Opportunities to stay in the firearm family come with Top Shot win
With all the celebrity and fame surrounding his Top Shot win, Dustin Ellermann of Zavalla, Texas has been approached with several opportunities. Part four of our four part series with Ellermann discuses just that:
Top Shot Dustin Ellermann making an appearance at the NRA booth during the 2012 SHOT Show in Las Vegas, Nevada.
Las Vegas, Nevada -
$100,000 is a lot of money. Money that can make a difference. Life changing money. But it's not what you might call retirement money. At least that's what Dustin Ellermann, winner of last season's Top Shot on History Channel soon discovered after his 2011 win.
Despite the general hoopla that goes along with taking first place on a top rated show, there is still the reality of finding a job and earning a living. As the head muckety muck of Camp His Way, Dustin already has a job. One that he performs with his family and truly loves. But the Top Shot victory means there could be more.
"Taran Butler (experienced 3-gunner and expert on Top Shot) is trying to get me into 3-gun," said Ellermann. "He said we’ll get you hooked up and you’ll end up in the top 10 sure enough because he believes in me."
Most people who qualify for the show would jump at the chance to shoot for a living. But for Dustin, the work he does at Camp His Way is more of a calling then a job. A calling that requires something that most of us have precious little of: time.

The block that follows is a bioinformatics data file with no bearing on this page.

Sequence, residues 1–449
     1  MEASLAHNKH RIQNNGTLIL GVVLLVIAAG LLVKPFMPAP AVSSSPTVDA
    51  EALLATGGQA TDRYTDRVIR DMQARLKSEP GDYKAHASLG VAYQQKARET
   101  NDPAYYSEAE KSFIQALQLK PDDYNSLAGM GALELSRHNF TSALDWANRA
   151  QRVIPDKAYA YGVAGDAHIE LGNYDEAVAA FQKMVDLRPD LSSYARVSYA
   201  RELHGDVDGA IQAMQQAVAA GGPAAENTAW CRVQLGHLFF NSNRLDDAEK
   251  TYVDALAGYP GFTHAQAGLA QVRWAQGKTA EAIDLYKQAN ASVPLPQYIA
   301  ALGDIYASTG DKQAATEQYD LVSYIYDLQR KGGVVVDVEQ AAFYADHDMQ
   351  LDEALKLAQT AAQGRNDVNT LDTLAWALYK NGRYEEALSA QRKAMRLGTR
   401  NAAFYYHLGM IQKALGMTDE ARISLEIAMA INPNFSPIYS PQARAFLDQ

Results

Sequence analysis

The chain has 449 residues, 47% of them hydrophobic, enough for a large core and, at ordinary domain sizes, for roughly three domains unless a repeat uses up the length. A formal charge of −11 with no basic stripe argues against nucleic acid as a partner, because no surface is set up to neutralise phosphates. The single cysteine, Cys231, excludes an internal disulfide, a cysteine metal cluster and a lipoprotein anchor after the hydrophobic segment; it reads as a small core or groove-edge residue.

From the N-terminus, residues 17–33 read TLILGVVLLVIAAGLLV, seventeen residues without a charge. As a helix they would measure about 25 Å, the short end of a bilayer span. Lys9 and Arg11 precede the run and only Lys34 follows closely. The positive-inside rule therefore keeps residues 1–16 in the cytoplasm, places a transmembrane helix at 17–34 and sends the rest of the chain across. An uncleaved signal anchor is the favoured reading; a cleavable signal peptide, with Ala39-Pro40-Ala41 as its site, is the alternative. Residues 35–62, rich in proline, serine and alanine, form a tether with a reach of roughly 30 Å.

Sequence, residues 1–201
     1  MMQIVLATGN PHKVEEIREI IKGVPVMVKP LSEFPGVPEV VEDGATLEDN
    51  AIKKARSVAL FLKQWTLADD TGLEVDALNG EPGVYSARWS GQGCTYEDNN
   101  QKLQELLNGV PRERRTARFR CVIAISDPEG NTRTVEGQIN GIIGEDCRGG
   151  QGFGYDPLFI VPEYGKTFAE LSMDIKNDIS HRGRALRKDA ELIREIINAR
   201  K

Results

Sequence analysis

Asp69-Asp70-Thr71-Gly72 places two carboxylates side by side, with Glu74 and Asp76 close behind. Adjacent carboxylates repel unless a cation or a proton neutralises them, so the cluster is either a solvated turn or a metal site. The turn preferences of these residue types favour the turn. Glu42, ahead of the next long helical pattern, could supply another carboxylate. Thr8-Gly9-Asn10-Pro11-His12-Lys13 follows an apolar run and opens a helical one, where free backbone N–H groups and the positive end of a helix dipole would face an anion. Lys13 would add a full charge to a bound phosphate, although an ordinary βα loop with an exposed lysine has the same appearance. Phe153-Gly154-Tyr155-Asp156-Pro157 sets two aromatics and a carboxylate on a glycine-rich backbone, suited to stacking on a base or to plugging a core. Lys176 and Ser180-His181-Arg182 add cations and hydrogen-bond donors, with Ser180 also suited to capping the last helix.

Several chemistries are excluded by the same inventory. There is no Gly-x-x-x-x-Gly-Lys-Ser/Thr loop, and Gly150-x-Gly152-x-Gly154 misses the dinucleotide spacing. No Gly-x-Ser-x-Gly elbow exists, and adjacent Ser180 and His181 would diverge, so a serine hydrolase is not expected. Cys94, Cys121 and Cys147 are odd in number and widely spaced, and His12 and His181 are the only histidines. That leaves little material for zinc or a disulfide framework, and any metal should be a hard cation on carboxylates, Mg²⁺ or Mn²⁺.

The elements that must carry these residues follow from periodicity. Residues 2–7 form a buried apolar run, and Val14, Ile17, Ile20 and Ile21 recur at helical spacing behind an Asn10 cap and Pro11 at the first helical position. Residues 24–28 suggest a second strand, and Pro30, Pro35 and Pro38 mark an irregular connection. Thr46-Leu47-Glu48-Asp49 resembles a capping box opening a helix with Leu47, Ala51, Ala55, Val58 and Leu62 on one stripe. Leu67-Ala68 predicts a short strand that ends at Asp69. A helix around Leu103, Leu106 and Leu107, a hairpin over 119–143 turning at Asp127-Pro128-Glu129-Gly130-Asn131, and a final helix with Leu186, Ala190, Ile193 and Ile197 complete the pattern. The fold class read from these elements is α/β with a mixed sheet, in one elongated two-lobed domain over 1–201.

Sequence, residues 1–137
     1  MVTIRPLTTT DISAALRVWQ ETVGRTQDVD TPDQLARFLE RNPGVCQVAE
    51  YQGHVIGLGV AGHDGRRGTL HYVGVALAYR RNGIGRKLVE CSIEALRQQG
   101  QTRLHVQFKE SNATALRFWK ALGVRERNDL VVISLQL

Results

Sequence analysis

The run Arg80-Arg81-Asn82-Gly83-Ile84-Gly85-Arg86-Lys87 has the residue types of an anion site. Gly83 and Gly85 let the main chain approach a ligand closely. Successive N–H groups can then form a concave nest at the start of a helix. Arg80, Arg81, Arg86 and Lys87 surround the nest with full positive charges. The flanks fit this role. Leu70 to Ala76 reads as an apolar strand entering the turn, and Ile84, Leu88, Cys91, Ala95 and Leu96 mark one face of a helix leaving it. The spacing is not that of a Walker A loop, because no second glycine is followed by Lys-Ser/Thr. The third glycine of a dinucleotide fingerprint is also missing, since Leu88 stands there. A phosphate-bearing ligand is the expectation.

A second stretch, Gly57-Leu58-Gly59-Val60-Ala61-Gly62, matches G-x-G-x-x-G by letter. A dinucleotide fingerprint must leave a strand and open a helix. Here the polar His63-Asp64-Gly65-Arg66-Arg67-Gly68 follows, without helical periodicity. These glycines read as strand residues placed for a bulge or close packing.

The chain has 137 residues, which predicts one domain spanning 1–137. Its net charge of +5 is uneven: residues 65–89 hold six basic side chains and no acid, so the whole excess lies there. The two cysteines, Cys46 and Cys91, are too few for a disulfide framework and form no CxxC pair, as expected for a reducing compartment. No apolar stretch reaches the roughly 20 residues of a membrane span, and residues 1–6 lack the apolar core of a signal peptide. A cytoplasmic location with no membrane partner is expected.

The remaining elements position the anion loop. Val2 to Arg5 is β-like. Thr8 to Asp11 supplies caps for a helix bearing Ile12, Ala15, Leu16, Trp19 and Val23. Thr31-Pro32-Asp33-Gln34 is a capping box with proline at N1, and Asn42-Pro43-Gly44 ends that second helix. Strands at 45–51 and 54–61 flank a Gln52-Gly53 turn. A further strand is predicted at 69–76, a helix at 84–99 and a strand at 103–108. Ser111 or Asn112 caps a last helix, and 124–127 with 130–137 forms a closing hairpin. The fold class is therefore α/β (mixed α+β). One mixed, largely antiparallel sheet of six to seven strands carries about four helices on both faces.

"I’m not sure if I have that time to commit. But it sounds like fun so I might be going that way."
Making it happen with LaRue and Savage
While filming Top Shot, competitors were presented with a number of different guns. Pistols, rifles and shotguns from almost a dozen different manufacturers. Although all were great fun, there were a few who stood out.
"I have a partnership with LaRue Tactical because they make some awesome guns," Ellermann explained. "The OBRs is one of my favorites from the show."
Before we could go into greater detail, another group of adoring fans came by with smiles, well wishes and additional adulations. It was a common theme throughout the SHOT Show interview. A few pictures and handshakes later, we'd made it to the NRA booth and finished things up.
"I’ve also done some local range days with Savage," said Ellermann. "Met a lot of fans and got the Savage name out there. I get to fly out to the factory next week and build my own, so that’ll be fun."
Dustin Ellermann looking for .338 ammo at the Hornady booth during the 2012 SHOT Show in Las Vegas, Nevada.
Fun is what Dustin seems to have in great quantity. With a supportive group of family and friends, his future appears both bright and unlimited. There's talk of a Top Shot All-Star show, more personal appearances and a rise in Camp His Way applications that will keep the counselors busy for decades. The only problem, as if often the case in these situations, is the product of his own success.
"I also have a .338 coming from Savage."
That doesn't sound all that bad. What's the problem?
"Problem is getting the ammunition," Ellermann grinned "It costs a lot to feed those beasts."
You can read our first Ellermann interview, the second sit down with Dustin or the third Top Shot inquiry by clicking on those links.
If you'd like learn how to shoot like a Top Shot, a great first step is finding an NRA Basic Pistol or Rifle course on NRAInstructors.org.